Shari’a is also prevalent in Pakistan’s other legislative instruments as well: just look at the criminal code. This year, four people have been convicted of blasphemy and sentenced to death for insulting the Prophet Muhammad — up two convictions from 2013. According to the Wall Street Journal, more people have been convicted in the past seven years than the last two decades since the death penalty for blasphemy was enacted by Gen. Zia-ul-Haq in 1986. And on May 13, 68 lawyers in Punjab were charged with blasphemy after protesting against the local police, a case that highlights what human rights activists within the country say is becoming a political, not religious, issue. Pakistan is also an officially "dry" country for the majority of people living there, since the Prohibition (Enforcement of Hadd) Order of 1979 made it illegal for Muslims to consume alcohol, and the punishment is 80 lashes for Muslims who are caught with alcohol — though it’s rarely, if ever,
enforced.

So as the Pakistani government undertakes military campaigns against the Taliban, they might also use current and future peace dialogues as a key opportunity to undercut extremists’ proprietary claim to Shari’a — whether as a political wedge, bargaining chip, or weapon of war. The fact of the matter is that the Pakistani state has been a longstanding leader in promoting Islam and in legally institutionalizing Shari’a.

Pakistan’s first Constituent Assembly adopted the "Objectives Resolution" in 1949, which enabled Muslims to "order their lives…in accordance with the teachings and requirements of Islam as set out in the Holy Quran and the Sunna." It is worth remembering that this was years before the Saudi kings and mujtahids drafted their own Shari’a-dense constitutions. Under Haq’s leadership in the 1970s and 1980s, Pakistan embedded Islam in its largely secular educational, legal, and financial institutions. But despite these early, even ‘leading-edge’ efforts, militant Islamists have seized every opportunity to flout any deviation from that ‘Islamisation’ regime, particularly at politically-charged moments, such as the anti-Soviet jihad movement in the 1980s and the anti-U.S.-led ‘war on terror’ in the 2000s.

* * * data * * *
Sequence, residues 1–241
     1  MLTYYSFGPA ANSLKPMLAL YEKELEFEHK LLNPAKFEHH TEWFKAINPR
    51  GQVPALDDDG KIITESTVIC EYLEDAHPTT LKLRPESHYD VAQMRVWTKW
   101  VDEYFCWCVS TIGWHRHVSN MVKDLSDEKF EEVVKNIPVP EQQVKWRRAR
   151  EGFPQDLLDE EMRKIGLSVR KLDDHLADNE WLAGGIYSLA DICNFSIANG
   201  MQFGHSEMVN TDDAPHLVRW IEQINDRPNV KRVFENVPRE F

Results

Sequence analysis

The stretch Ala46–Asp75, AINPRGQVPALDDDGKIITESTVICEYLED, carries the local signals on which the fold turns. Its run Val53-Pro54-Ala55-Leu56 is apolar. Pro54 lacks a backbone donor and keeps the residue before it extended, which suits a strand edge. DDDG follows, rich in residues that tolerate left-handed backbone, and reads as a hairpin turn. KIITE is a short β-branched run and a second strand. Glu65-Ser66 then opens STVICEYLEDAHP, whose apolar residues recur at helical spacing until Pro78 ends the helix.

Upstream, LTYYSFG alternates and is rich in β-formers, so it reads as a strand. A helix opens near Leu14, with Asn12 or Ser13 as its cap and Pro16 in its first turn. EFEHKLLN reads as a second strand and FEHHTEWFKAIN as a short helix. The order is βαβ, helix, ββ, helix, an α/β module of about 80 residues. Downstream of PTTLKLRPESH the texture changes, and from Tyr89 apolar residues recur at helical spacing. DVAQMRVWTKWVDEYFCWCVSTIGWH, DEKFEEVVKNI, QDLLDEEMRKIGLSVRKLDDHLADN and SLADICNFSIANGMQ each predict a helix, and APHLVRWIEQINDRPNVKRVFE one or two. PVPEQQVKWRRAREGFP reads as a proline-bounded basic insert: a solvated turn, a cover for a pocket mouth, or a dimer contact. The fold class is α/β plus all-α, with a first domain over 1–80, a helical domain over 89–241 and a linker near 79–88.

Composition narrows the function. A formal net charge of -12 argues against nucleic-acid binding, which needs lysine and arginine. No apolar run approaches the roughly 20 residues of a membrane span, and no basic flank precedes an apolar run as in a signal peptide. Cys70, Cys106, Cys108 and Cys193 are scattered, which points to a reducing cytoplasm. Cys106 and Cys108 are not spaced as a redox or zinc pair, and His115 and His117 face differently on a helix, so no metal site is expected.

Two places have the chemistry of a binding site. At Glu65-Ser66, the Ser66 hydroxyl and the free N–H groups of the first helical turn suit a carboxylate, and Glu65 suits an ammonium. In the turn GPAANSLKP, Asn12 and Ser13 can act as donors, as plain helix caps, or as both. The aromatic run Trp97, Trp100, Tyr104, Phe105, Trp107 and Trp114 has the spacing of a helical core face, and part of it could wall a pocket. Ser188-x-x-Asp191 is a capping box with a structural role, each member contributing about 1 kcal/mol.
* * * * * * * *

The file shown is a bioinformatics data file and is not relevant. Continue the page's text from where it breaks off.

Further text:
So far, the Pakistani public is divided — some say confused — about the purpose of government-initiated peace talks, but also the debate over Shari’a. Much of the public prefers that Shari’a frame their social lives and political institutions, but worry that the Taliban have both distorted the tradition and now gained a strategic edge far beyond the ungoverned tribal areas to seize the initiative in domestic politics. The new center-right government is trying hard to get a handle on the long-simmering insurgency that has, since 2007, placed all administrations on the defensive.

Institutionalized Shari’a is, thus, actually an asset to Sharif’s government in its strategic and legitimacy efforts. More to the point, if Pakistan can push for the nation’s Shari’a instead of the Taliban’s opportunistic interpretation, it can undercut extremists’ most compelling tool for political and strategic maneuver. This is not to say that Pakistan should adopt a stricter version of Shari’a in its institutions, but rather should emphasize the country’s own heritage, its own institutionalization of Shari’a as part and parcel of the law of the land. Whatever its complex history, the institutionalization of Shari’a can today provide a stabilizing normative source for Pakistan. Embracing the law — the constitution and Shari’a at once — would combat the Taliban’s political initiative, dispel corrosive doubts about the government’s true motives and affiliations, and give U.S. and NATO skeptics who see Pakistan playing a "double game" a better narrative to focus on.

Corri Zoli is an assistant research professor at the Institute for National Security and Counterterrorism, a joint graduate research center at Syracuse University’s Maxwell School of Citizenship and Public Affairs and College of Law.

Emily Schneider is a research associate with the New America Foundation’s International Security Program. Follow her on Twitter: @emilydsch.

 

Corri Zoli, Director of Research/Assistant Research Professor, Institute for National Security and Counterterrorism (INSCT), College of Law/Maxwell School of Citizenship & Public Affairs, Syracuse University.
Emily Schneider is a program associate in the International Security Program at New America. She is also an assistant editor of the South Asia channel. Twitter: @emilydsch